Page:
The fire raced toward San Diego overnight. Over the next four days.. the Cedar Fire would burn 427 square miles.. a path 30 miles across … it destroyed much of the community of Crest, jumped Interstate 15 and tore through Scripps Ranch and Tierrasanta. In all, 28-hundred houses and businesses were lost. 15 people died in the fire. Jerry Lowthers and his wife were among those who drove away from their home .. just in time. Jerry Lowthers/Scripps Ranch Resident I told my wife I’d meet here at Starbucks or something, in Scripps Ranch, just as a place to rally, to connect. That’s what we did, and an hour later everything was gone. Back then.. firefighting aircraft were not allowed to drop water within a half hour of sunset. And that’s exactly when the fire started. By morning, there was no stopping it. San Diego Fire-Rescue Chief Colin Stowell remembers it like it was yesterday. Chief Colin Stowell/San Diego Fire-Rescue Department I was right in the middle of it, with our strike team there. There was no amount of fire engines or personnel that was going to stop that firestorm from blowing through those communities. And really what you have to do is keep yourself safe, your crew safe, and after it blows through, then you can start mitigating and start suppressing some of those fires that started and hope that you can get to them before they get significant. Days later, when the Lowthers were allowed to go back in to the neighborhood … there was nothing left. It was like a war zone, all up and down Fairbrook right here, I don’t know, 40 houses went away. In Scripps, I think 235 homes went away, somewhere around there. The Cedar Fire taught some hard lessons… and there have been many improvements. San Diego had off-duty firefighters ready to work in 2003, but didn’t have enough fire engines and vehicles to get them to the front lines. Stowell says things have changed dramatically in the past 20 years. We are in a much better position today. We have a healthy reserve fleet, we have utility vehicles we have ways to get them out that certainly would make a big difference today. Communication and cooperation among fire agencies has also improved , they were a serious handicap fighting the fire. CalFire Battalion Chief Tony Mecham. CalFire Chief Interview Battalion Chief Tony Mecham/CalFire I think San Diego probably operates with the greatest collaboration of anywhere. As fire chiefs we meet monthly. We have working groups, whether it be training, communications. We’re constantly talking. The rule on flying at night has since been rescinded. San Diego City and County …Cal Fire and SDG&E together now have nearly five times as many firefighting helicopters and planes. And the technology available to firefighters is greatly improved. Eric Frost is the director of the Viz Center at San Diego State… the Center helps fire agencies know exactly where a fire is and where it’s going. Prof. Emeritus Eric Frost/ Viz Center San Diego State University You couldn’t really get accurate information flying overhead during the day for the very simple reason that there’s smoke. Software can now show where a fire is and where it will be in an hour… or a day. The Cedar Fire also led to new, more stringent building codes. Shake shingle roofs are no more. Exposed eaves are not allowed. The Lowthers’ house… and many others…. burned down because embers got under the eaves and into the attic. Residents are now regularly reminded to “fire harden” their homes... Create defensible space .. and if there’s firewood, patio furniture or anything that can burn.. get it away from the house. Because, as CalFire’s Tony Mecham says, the question is not if…. It is when.. there will be another major fire in the county. The readiness of the fire service, the speed now that we make decisions, how quickly we mobilize, we’ve had to really adapt to these large fires becoming the new normal. John Carroll, KPBS News.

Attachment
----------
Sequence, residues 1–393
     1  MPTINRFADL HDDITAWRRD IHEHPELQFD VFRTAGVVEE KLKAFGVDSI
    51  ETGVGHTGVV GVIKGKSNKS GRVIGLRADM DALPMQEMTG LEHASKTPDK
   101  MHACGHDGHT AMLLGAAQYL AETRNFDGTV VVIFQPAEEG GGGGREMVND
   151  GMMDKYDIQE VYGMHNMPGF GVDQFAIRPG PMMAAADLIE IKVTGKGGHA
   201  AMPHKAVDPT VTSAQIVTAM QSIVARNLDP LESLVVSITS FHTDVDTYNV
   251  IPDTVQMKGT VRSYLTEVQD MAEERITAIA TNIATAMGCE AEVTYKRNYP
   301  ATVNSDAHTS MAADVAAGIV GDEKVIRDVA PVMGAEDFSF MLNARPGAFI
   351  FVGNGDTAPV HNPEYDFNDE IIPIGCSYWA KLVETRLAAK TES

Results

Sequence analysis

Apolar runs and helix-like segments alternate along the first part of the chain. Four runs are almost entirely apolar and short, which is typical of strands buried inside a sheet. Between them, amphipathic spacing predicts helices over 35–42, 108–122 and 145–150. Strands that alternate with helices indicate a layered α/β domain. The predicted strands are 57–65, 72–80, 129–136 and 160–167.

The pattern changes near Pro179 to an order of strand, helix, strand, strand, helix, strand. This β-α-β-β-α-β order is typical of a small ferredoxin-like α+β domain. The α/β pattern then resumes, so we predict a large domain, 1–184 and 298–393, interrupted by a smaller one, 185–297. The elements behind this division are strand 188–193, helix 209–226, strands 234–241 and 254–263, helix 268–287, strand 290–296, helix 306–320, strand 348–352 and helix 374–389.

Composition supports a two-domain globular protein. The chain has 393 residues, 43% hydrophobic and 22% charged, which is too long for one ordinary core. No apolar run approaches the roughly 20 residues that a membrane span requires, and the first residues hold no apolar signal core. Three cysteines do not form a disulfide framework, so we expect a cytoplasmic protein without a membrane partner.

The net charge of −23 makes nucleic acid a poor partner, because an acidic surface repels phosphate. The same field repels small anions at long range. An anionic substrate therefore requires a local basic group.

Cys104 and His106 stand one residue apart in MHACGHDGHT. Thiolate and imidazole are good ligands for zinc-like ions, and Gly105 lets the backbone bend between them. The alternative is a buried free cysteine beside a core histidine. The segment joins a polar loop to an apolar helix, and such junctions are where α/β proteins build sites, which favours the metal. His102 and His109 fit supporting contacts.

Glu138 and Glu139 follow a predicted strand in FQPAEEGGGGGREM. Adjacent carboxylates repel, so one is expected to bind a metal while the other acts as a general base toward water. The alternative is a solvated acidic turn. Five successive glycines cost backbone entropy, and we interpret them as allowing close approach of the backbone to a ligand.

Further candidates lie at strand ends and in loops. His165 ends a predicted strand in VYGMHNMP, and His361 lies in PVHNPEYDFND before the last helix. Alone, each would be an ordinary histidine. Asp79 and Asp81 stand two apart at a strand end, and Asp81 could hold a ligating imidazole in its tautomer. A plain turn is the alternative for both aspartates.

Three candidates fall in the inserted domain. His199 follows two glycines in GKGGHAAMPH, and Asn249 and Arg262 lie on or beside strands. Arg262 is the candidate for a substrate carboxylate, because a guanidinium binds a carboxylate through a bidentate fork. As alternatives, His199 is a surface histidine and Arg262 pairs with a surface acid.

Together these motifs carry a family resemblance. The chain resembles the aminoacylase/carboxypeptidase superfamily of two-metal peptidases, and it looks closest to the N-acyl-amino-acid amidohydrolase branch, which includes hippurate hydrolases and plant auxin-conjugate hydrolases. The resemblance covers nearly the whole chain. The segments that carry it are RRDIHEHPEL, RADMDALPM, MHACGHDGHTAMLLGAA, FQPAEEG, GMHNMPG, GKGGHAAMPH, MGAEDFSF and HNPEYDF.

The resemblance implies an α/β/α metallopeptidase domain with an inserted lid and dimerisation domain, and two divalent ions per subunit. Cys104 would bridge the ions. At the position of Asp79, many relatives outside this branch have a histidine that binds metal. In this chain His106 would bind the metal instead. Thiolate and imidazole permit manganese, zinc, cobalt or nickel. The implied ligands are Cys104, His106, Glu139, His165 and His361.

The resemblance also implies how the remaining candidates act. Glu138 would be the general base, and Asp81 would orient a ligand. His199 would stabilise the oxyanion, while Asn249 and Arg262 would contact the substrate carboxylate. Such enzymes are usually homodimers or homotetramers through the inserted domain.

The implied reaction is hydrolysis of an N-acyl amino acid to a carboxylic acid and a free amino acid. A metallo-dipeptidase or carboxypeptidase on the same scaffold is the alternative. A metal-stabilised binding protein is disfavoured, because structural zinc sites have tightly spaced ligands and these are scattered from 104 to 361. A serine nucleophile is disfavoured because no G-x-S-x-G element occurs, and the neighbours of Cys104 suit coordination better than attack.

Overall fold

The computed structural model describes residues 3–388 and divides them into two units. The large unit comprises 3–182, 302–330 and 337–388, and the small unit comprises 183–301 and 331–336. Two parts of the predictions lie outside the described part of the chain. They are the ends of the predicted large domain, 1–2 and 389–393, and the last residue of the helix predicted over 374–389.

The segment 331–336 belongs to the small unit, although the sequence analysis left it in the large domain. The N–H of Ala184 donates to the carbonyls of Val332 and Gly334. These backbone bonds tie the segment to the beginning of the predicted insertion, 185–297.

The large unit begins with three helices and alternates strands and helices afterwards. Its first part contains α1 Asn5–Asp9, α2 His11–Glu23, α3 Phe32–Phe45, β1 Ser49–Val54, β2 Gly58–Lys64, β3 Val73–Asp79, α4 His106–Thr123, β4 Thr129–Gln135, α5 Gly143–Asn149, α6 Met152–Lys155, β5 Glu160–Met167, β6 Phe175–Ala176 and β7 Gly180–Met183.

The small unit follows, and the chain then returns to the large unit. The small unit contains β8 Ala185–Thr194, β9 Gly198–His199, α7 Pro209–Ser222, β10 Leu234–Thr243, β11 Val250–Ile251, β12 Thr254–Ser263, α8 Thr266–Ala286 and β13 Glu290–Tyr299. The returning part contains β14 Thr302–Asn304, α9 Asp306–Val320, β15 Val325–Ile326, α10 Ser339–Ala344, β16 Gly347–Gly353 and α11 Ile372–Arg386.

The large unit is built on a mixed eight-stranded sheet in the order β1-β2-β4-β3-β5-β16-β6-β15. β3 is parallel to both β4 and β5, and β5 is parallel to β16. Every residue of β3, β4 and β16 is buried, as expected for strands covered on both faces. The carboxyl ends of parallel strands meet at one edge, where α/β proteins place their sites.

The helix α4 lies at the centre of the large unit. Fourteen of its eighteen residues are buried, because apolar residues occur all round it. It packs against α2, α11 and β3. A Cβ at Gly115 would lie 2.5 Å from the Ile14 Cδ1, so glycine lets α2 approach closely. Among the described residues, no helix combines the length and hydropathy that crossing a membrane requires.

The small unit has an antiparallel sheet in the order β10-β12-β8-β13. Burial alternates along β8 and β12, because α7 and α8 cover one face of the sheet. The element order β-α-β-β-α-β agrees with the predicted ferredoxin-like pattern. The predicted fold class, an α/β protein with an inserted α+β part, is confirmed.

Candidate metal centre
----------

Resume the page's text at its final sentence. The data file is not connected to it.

Coming up.... San Diego Opera’s general director talks about what’s ahead for the new season.